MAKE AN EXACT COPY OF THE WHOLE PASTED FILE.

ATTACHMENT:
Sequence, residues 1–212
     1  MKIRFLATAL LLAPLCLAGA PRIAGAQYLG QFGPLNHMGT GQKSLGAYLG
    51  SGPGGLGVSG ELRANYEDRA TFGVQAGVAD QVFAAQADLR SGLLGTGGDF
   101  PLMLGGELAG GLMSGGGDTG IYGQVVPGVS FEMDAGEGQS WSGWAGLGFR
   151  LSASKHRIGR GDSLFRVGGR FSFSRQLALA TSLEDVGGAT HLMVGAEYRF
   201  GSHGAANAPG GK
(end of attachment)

Sequence, residues 1–212
     1  MKIRFLATAL LLAPLCLAGA PRIAGAQYLG QFGPLNHMGT GQKSLGAYLG
    51  SGPGGLGVSG ELRANYEDRA TFGVQAGVAD QVFAAQADLR SGLLGTGGDF
   101  PLMLGGELAG GLMSGGGDTG IYGQVVPGVS FEMDAGEGQS WSGWAGLGFR
   151  LSASKHRIGR GDSLFRVGGR FSFSRQLALA TSLEDVGGAT HLMVGAEYRF
   201  GSHGAANAPG GK